In this post on USAID’s “IMPACTblog,” USAID Administrator Rajiv Shah says the FY 2013 International Affairs budget request “showcases President Obama’s commitment to making smart, efficient investments to help those in the greatest need while helping to create economic opportunity and safeguarding American security.” Despite “important results” from investments made last year in humanitarian assistance, HIV/AIDS, malaria and agriculture, “we’ve had to make difficult choices this year, consolidating some programs and eliminating others. Our 2013 budget shows a willingness to focus on countries and programs where we believe we can make the greatest impact,” Shah writes and outlines those efforts. “The investments included in the FY13 budget will improve the lives of people throughout the world. For millions, this assistance can literally mean the difference between life and death,” he concludes (2/16).
In this SciDev.Net opinion piece, journalist Priya Shetty writes that the Sustainable Development Goals — a successor to the Millennium Development Goals (MDGs) proposed to begin in 2015 — “need more focus on health to continue the progress achieved with MDGs.” She continues, “[A]lthough early drafts of the SDGs address issues that the MDGs neglected, such as food security, they are light on health and many social issues (education, for example, or gender equity). This should be of major concern to public health experts.”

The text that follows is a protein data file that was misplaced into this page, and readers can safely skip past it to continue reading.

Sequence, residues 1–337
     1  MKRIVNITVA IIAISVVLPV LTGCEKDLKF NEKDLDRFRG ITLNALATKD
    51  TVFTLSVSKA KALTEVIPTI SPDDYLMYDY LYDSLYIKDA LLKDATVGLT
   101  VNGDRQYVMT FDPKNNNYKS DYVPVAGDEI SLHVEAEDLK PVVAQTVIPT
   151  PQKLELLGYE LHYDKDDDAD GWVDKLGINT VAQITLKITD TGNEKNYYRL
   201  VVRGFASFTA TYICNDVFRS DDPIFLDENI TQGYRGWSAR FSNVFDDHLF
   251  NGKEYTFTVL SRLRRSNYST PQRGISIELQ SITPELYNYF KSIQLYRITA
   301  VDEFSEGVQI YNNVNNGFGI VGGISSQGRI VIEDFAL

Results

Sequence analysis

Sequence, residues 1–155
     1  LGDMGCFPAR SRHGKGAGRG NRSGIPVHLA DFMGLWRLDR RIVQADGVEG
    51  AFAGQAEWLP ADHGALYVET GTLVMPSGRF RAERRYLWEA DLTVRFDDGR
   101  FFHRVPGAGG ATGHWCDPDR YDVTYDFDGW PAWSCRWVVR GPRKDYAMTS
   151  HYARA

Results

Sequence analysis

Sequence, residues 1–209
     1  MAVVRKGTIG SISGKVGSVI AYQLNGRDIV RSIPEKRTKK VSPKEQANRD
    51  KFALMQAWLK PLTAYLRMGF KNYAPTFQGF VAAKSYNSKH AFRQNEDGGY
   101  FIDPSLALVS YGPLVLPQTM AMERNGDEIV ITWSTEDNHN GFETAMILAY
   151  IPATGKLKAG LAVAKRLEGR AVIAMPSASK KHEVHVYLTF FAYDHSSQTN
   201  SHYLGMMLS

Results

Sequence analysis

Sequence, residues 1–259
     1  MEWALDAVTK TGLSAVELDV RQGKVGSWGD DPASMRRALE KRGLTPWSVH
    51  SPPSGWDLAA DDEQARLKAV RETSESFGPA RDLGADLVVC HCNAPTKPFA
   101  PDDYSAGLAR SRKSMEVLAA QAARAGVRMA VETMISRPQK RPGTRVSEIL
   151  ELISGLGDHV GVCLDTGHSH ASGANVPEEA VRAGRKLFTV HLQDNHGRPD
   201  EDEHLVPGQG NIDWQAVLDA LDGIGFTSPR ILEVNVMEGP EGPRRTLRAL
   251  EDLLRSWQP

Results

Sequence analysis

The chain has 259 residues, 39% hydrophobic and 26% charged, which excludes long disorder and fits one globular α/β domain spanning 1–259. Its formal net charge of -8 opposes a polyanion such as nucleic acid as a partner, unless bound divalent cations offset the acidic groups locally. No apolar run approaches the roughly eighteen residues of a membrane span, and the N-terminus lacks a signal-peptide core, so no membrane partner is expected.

The “WHO should regulate alcohol at the global level, enforcing such regulations as a minimum drinking age, zero-tolerance drunken driving, and bans on unlimited drink specials,” Devi Sridhar, a lecturer in global health politics at the University of Oxford, argues in a commentary published on Wednesday in the journal Nature, Scientific American reports. “[A]lcohol kills more than 2.5 million people annually, more than AIDS, malaria or tuberculosis,” and it is a leading health concern for middle-income populations, “greater than obesity, inactivity and even tobacco,” according to the news service (Wanjek, 2/15).
In this post in the Bill & Melinda Gates Foundation’s “Impatient Optimists” blog, Jill Sheffield, founder and President of Women Deliver, responds to an opinion piece published in the Guardian’s “Poverty Matters Blog” on Friday in which Ofra Koffman — a Leverhulme postdoctoral fellow in the department for culture, media and creative industries at King’s College London — “questions the contributions that girls and young women can make to economies when they delay childbirth,” and argues “that the so-called ‘Girl Effect’ of delaying childbirth does not necessarily ‘stop poverty before it starts,’ as the Department for International Development (DFID) claims.” Sheffield writes, “The ability to choose if and when to have children is a huge piece of the puzzle to the ‘Girl Effect,’ but it is not the only piece. … The ‘Girl Effect’ is an amalgamation of exactly these three components: security, health, and power” (2/15).